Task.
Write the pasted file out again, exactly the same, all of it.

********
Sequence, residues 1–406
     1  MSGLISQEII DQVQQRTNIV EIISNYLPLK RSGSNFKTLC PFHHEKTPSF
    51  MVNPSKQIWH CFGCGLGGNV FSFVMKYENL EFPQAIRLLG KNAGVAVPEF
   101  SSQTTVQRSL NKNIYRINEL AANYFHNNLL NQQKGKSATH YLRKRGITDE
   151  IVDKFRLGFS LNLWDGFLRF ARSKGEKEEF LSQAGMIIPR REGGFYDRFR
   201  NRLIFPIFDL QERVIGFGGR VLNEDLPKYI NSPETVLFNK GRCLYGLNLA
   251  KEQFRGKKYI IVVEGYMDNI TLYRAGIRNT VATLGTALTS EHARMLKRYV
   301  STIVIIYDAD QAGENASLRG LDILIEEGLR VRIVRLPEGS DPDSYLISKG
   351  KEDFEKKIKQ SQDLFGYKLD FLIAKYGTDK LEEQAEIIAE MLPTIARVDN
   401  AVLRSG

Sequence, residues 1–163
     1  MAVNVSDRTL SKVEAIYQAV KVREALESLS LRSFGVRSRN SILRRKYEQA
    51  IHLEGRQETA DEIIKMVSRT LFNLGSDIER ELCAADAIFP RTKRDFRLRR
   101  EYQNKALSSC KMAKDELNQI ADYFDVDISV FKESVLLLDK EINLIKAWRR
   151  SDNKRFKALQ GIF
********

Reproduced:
Sequence, residues 1–406
     1  MSGLISQEII DQVQQRTNIV EIISNYLPLK RSGSNFKTLC PFHHEKTPSF
    51  MVNPSKQIWH CFGCGLGGNV FSFVMKYENL EFPQAIRLLG KNAGVAVPEF
   101  SSQTTVQRSL NKNIYRINEL AANYFHNNLL NQQKGKSATH YLRKRGITDE
   151  IVDKFRLGFS LNLWDGFLRF ARSKGEKEEF LSQAGMIIPR REGGFYDRFR
   201  NRLIFPIFDL QERVIGFGGR VLNEDLPKYI NSPETVLFNK GRCLYGLNLA
   251  KEQFRGKKYI IVVEGYMDNI TLYRAGIRNT VATLGTALTS EHARMLKRYV
   301  STIVIIYDAD QAGENASLRG LDILIEEGLR VRIVRLPEGS DPDSYLISKG
   351  KEDFEKKIKQ SQDLFGYKLD FLIAKYGTDK LEEQAEIIAE MLPTIARVDN
   401  AVLRSG

Sequence, residues 1–163
     1  MAVNVSDRTL SKVEAIYQAV KVREALESLS LRSFGVRSRN SILRRKYEQA
    51  IHLEGRQETA DEIIKMVSRT LFNLGSDIER ELCAADAIFP RTKRDFRLRR
   101  EYQNKALSSC KMAKDELNQI ADYFDVDISV FKESVLLLDK EINLIKAWRR
   151  SDNKRFKALQ GIF